The LORD said to Samuel, “How long will you grieve over Saul, since I have rejected him from being king over Israel? Fill your horn with oil, and go.” 1 Samuel 16:1
To me, how a person responds to failure is one of the truest tests of his or her character – who that person really is.
Samuel served Israel as a judge, priest, and prophet. He was much more than a distant military leader, symbol, or figurehead. “Father figure” is a better way to describe his relationship with the Israelite nation. The Israelites turned to him like children, on the one hand immaturely expecting him to solve their problems for them and acquiesce to their foolish desires, and on the other hand wisely recognizing him as a remarkable leader with a remarkable relationship with God (see 1 Samuel 7:8, 8:5). “I have walked before you from my youth until this day,” he told the people at his farewell address (1 Samuel 12:2).
Samuel was the real thing. He held the nation together as everything was falling apart, leading God’s people with transparency, integrity, and devotion. When the people of Israel demanded that Samuel step aside and replace himself with a king who could lead them militarily and compete with the monarchies of their neighbors, he obeyed, understanding that, fundamentally, their act of rejection was against God, not him. Therefore, he anointed (and thereby identified) Saul as Israel’s first king.
But Saul disobeyed direct commands from God. He became a proud, presumptuous, vindictive man, totally unfit to lead God’s people, much less to hold the title of king (a title previously reserved only for God).
Scripture says, “And Samuel did not see Saul again until the day of his death, but Samuel grieved over Saul” (1 Samuel 15:35). One can easily infer why Samuel grieved. Saul had transgressed God’s law, disappointed Israel’s hopes, and forfeited his royal title and dynasty. Saul had utterly failed as a leader and as a man of the covenant. To Samuel, it must have felt as if he had failed, too.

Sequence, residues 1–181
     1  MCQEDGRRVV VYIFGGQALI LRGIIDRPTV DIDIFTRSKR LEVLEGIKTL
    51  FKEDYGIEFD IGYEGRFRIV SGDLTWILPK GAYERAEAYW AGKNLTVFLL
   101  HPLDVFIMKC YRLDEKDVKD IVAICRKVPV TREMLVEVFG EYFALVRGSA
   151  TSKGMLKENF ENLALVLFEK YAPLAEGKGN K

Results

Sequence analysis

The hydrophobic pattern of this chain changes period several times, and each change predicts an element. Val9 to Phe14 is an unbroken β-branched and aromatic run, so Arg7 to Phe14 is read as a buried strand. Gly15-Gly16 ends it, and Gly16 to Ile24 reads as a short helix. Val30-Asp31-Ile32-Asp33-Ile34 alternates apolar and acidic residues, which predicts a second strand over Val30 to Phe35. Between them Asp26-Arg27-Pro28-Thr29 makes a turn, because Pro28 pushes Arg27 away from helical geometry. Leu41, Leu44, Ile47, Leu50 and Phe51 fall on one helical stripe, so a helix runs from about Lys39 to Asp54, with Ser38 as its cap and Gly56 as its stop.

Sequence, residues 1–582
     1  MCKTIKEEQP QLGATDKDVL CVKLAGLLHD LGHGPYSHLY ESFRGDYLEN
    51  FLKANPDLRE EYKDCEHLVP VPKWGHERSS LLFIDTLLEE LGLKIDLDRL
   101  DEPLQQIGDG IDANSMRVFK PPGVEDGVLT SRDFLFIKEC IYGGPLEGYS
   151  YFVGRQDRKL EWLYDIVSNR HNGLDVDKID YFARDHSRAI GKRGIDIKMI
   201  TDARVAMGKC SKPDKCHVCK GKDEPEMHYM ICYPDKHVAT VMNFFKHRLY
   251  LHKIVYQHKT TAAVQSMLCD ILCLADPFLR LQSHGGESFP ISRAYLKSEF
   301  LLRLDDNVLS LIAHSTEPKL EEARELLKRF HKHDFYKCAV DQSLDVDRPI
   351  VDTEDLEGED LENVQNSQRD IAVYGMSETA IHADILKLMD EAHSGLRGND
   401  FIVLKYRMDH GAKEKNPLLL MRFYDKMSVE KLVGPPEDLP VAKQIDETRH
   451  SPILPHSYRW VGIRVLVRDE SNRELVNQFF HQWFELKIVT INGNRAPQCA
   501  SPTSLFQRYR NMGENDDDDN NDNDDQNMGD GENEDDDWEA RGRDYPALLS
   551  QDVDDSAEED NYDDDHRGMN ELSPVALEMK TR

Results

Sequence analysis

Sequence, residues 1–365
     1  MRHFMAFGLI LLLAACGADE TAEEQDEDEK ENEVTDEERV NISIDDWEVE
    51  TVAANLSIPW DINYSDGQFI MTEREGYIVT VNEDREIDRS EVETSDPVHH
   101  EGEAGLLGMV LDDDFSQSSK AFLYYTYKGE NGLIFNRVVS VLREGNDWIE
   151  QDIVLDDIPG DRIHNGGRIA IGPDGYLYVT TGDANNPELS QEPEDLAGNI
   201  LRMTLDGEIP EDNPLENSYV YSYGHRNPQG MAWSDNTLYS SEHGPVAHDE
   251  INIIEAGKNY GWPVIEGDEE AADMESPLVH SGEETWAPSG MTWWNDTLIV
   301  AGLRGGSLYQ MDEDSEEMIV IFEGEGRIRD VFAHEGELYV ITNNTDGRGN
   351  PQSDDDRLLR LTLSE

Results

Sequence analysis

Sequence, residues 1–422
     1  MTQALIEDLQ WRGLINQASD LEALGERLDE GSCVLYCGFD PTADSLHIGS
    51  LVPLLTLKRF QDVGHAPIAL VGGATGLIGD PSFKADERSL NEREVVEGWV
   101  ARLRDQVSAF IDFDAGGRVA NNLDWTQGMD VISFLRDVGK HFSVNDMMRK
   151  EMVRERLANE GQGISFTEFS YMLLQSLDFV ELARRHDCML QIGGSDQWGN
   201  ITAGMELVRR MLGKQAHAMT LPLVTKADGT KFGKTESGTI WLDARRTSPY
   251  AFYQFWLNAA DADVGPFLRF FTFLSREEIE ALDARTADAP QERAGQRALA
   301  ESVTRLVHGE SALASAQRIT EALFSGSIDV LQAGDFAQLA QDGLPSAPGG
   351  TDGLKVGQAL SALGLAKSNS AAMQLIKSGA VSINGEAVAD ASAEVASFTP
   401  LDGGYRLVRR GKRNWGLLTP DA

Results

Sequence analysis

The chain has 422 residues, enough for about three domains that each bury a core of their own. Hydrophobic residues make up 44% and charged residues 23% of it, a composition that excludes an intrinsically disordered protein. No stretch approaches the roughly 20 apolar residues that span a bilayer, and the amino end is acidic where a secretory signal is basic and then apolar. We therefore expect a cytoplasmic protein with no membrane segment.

To be human is to experience failure. We often treat the two things as synonymous: “You can’t expect everything from her, she’s only human.” “Don’t get ahead of yourself, you’re only human.” In other words, “You are prone to failure and inadequacy simply because you are a human being.” Christian thought associates the undeniable reality of our imperfection with something called The Fall of Man.
When a Christian fails in a major way – or in a minor way, depending on how sensitive the person’s conscience is – there are three levels to it: failing God, failing others, and failing yourself.
Failing God is at once the hardest and the easiest of the three. He asks the most from us and is the least deserving of the offense, but he is also the most ready to forgive. God holds no grudges. Other people are rarely so forgiving, or so eager to repair trust. Perhaps, hardest of all, it is disappointing one’s own inner vision of oneself that hurts the most. “Is this what I really am, after all?” We ask, but we fear the answer.